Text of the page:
Between the 21st and 26th of August around 500 philosophers, logicians and scientists from around Europe and the U.S. will talk about such topics as how to understand and describe human actions, what kind of formal semantics we should use to describe the natural language, and whether human evolution is a predictable process or do mental events exist.
The European Society for Analytic Philosophy (ESAP) and locally the Institute of Philosophy of the Jagiellonian University and the Polish Association of Logic and Philosophy of Science have organised the Sixth European Congress of Analytic Philosophy in Krakow, which will take place in Krakow this month. The Congress will be held under the honorary auspices of the Speaker of the Sejm of the Republic of Poland, Bronislaw Komorowski, and the President of Krakow, Jacek Majchrowski.
The topics will be divided into such sections as “Logic and Computation,” “Philosophy of Language,” and “Philosophy of Science,” to name but a few.
Visiting professors Andrea Bottani (University of Bergamo), Dorothy Edgington (University of London) and Zoltan Gendler Szabo (Yale University) will present lectures about “changing things,” “counterfactual thinking” and “ontological attitude,” respectively.
The European Society for Analytic Philosophy has existed since 1991, when Kevin Mulligan found it together with other collaborators in the Swiss village of Zinall. From its beginning the association has had the goal of helping analytic philosophers on the continent to meet and exchange knowledge and experience with each other as well as with philosophers from Great Britain and the United States.
This month, the Krakow Post interviewed Prof. Jan Wolenski, President of ESAP and Head of the Epistemology Department in Jagiellonian University.
KP: What is the main goal of the conference?
Prof. Jan Wolenski: It is similar to the goals conferences usually have: exchange of the experience, presenting of facts and ideas, discussion, creating new contacts and upholding the old, looking for the answer to where we are in analytic philosophy now, and finally discussing organisation problems of the European Society of Analytic Philosophy.
KP: It is the 6th congress organised by ESAP. How do you perceive the heritage of the organised conferences so far, especially the goal of supporting the development of analytic philosophy in the Old Continent?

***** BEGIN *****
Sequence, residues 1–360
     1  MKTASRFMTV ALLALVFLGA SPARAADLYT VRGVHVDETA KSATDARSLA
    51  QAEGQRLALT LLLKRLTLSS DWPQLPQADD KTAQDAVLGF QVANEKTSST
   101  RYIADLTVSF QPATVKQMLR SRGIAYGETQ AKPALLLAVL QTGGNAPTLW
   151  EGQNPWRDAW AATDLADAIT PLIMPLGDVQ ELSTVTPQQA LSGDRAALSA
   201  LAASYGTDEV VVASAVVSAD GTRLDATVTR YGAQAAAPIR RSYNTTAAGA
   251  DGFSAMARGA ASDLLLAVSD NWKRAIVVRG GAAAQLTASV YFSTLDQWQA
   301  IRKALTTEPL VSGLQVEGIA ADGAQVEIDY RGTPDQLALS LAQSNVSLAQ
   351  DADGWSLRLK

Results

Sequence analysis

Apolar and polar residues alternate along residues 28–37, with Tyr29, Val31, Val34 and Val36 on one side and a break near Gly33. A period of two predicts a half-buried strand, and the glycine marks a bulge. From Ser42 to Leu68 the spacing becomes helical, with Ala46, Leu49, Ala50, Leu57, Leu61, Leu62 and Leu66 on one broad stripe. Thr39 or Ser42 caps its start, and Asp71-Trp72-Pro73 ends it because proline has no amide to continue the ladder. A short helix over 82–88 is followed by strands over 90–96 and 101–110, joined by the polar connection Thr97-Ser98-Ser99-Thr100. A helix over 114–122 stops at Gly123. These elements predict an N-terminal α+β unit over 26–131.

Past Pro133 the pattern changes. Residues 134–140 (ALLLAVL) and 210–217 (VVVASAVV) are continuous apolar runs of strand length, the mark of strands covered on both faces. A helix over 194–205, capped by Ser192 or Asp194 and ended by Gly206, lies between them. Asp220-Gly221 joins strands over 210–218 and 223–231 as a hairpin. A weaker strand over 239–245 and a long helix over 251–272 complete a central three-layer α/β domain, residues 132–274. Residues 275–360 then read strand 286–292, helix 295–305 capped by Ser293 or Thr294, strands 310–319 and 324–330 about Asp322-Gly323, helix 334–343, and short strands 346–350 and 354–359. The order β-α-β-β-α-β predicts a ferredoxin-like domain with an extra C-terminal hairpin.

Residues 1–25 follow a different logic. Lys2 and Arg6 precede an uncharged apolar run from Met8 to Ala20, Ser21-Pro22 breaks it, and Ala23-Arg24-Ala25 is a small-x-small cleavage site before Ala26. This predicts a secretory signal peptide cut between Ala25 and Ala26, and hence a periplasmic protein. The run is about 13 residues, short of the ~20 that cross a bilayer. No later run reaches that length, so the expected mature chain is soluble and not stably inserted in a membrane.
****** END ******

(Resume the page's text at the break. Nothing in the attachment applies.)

J.W.: It surly has strengthened its position. The disadvantage of the past conferences was that they lacked printed conference materials. That is why this time we wanted to print information on the plenary lectures and the choices from different sections.
KP: How do you see the condition of analytic philosophy and rationalism on the continent? Can Europe become an equal partner in the dialogue with American philosophy, which after World War II become dominant in the analytic movement?
J.W.: I think that the condition of analytic philosophy in Europe is quite good. The position of the philosophy of this type has become stronger in France, Spain and Italy, countries traditionally associated with a different culture of philosophical thinking. It wouldn’t be good if one type of philosophy began to dominate. In reference to the dialogue with American philosophy, it is not bad. Most of all non-analytic philosophy in the U.S. is strong too. I suppose that at the moment in which the emigration of philosophers from Europe to America will stop, the Old Continent will start to lead again.
KP: You are an expert and propagator of the Lvov-Warsaw School heritage in Poland and in the world; how would you describe this heritage, why did you become interested in this school in the first place and not for example in existentialism? Are its achievements still valid?
J.W.: The interests we happen to have are created very often by accident. My first steps in philosophy were guided by someone who had great respect for the Polish analytic school, and so it stayed that way. Maybe if I was under different influences I would become interested in something else. And maybe the analytic style of thinking is bound to my very structure of reasoning. I think that the achievements of the Lvov-Warsaw School are still valid, such as the ability of joining different traditions, for example logic and phenomenology.